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    Your Kids May Be Influencing Your Home Purchase Decision More Than You Think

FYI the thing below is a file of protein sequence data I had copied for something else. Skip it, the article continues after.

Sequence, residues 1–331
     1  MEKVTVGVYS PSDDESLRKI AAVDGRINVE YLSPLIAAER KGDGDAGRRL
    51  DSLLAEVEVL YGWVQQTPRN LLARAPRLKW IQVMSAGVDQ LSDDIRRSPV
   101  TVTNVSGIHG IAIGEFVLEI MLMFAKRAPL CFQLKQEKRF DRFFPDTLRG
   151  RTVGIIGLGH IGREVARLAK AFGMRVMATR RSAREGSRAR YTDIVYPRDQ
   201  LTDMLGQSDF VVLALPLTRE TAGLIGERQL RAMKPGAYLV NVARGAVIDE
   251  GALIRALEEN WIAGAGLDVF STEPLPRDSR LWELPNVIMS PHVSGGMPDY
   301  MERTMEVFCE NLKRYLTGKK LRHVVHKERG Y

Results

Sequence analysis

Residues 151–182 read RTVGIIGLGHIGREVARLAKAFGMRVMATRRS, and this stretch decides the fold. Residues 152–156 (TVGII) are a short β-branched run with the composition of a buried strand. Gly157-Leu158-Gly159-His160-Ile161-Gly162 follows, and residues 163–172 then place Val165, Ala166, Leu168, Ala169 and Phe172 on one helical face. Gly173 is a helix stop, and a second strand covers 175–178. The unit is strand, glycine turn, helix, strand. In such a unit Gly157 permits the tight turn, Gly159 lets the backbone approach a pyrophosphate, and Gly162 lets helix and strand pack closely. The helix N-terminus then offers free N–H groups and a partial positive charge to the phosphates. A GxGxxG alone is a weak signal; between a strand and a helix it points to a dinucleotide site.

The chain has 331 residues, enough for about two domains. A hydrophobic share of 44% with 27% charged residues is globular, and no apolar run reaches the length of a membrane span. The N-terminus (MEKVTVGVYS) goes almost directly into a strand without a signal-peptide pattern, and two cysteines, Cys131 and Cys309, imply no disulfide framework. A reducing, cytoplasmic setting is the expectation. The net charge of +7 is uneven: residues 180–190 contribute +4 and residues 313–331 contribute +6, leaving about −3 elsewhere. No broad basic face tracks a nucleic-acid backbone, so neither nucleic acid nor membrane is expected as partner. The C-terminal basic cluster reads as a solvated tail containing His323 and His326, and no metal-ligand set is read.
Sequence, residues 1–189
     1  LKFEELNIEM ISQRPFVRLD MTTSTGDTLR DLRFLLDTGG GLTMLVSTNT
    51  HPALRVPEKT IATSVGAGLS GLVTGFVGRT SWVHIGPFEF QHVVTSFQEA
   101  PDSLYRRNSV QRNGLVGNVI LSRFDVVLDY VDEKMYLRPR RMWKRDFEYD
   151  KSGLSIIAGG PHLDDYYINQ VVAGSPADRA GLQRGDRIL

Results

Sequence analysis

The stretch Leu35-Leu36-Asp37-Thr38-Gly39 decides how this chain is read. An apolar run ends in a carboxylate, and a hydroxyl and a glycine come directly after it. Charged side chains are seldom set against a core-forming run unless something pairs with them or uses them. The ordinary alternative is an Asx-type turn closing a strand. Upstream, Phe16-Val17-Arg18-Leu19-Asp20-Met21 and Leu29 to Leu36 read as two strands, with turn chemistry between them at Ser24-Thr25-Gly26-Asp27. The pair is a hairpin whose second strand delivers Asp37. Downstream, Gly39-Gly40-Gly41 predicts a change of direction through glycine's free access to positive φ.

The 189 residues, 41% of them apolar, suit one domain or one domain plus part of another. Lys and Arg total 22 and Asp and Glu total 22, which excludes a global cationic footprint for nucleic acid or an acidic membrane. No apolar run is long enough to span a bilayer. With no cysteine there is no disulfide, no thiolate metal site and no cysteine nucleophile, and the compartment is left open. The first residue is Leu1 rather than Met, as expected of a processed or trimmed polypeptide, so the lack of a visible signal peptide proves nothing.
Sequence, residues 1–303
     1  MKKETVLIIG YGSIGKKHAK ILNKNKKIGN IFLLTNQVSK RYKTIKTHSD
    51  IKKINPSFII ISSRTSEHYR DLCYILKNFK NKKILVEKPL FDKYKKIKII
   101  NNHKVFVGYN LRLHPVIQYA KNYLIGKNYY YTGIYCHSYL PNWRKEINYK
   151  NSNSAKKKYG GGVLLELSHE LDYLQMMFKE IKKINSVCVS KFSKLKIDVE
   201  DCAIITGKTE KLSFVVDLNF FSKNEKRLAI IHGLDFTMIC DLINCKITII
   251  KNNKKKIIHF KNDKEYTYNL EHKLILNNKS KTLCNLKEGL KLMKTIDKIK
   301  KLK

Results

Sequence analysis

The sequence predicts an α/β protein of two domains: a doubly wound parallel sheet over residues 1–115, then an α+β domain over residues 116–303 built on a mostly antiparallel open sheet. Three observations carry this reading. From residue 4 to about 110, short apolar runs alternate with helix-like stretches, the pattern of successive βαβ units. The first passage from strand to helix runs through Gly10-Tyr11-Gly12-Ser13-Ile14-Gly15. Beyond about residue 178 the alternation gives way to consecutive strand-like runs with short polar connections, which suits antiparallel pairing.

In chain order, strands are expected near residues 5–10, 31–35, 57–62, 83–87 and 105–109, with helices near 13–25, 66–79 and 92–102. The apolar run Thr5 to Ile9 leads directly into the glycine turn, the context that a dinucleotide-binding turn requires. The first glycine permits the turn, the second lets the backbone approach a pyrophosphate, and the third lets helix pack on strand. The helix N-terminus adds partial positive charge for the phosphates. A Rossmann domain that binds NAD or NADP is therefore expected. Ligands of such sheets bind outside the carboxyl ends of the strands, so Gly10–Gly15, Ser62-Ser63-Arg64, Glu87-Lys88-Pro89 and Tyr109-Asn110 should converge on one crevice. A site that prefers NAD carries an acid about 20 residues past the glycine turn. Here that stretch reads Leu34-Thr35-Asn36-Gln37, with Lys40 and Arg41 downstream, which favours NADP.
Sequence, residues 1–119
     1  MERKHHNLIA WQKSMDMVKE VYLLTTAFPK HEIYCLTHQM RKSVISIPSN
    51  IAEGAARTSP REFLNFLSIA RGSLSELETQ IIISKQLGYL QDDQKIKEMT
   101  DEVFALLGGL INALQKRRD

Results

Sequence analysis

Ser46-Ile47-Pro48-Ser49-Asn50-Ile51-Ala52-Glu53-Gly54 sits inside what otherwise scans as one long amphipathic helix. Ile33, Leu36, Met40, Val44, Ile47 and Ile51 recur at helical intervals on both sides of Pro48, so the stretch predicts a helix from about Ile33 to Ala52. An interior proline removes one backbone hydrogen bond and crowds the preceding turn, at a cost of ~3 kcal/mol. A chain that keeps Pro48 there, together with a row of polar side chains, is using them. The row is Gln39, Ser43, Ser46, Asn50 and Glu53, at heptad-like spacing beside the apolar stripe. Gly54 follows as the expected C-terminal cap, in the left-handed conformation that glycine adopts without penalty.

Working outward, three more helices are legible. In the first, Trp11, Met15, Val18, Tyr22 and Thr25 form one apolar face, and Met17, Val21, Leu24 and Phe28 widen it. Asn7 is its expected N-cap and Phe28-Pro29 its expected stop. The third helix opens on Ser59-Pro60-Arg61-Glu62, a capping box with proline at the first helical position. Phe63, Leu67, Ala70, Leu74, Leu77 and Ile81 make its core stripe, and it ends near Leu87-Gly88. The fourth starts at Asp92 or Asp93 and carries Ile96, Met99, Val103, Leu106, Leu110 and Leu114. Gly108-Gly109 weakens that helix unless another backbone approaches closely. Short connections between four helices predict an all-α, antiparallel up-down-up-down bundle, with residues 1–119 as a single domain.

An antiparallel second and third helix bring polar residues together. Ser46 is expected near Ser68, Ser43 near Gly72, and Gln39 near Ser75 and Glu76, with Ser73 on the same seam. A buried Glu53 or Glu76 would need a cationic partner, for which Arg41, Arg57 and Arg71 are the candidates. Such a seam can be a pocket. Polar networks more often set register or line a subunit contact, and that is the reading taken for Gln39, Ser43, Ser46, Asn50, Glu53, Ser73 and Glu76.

So many factors go into choosing a home to buy: square footage, location, the number of bedrooms, an open floor plan, the style—the list is endless. But if you’re a parent, it turns out that a big part of the ultimate decision comes down to what your kids think. According to a recent Harris Poll survey commissioned by SunTrust Mortgage, 55 percent of U.S. homeowners with a child under the age of 18 at the time of home purchase say the opinion of their child was a factor in their home-buying decision. For millennial parents between the ages of 18 and 36, the influence of children is even higher at 74 percent. And what matters to your kids in a new home might be completely different than what matters to you. Survey results show that children’s top requests for their new pad are: their own bedrooms (57 percent); large backyards (34 percent); proximity to parks/activities (25 percent), schools (24 percent), friends (24 percent); and swimming pools (21 percent). For renters with children under the age of 18, their offspring will play an even greater role in the decision-making process, with 83 percent of this group responding that the opinion of their children will be a factor in their future home-buying choice. The survey also revealed that while 72 percent of renters want to purchase a home in the next two years, 17 percent said the prospects of applying for a mortgage are holding them back. SunTrust offers the following suggestions for making the mortgage process less daunting: Get a handle on your credit. Know what your credit score is and talk to a real estate or mortgage professional to find out if it’s good enough to get you a mortgage. If not, put a plan in place to start improving your credit profile. Create a realistic budget. When determining the price range of homes you can afford, don’t just think about the monthly mortgage payment—take all the costs of homeownership into consideration, such as insurance, utilities, landscaping, maintenance, repairs, furniture, etc. Then, adjust your mortgage payment as necessary. Organize your paperwork. Applying for a mortgage requires a lot of documentation, so get a jump on that now. Gather your W-2's, recent pay stubs, tax returns from the past two years, and all of your checking and savings account balances before applying for a loan. Save for your down payment. Often one of the biggest hurdles for homeowners, put a plan in place for how you will come up with your down payment. Make sure you understand how much will be needed; you don’t always need to put 20 percent down, so talk to a real estate or mortgage professional about your options. Don’t just look at interest rates. According to SunTrust, interest rates are only part of the equation. Be sure to look at the full picture, including your monthly payment and how closing costs will impact the money you need to bring to closing. One way to compare mortgage options is to look at the Annual Percentage Rate (APR), which factors in the costs of the loan for an apples-to-apples comparison. Published with permission from RISMedia.
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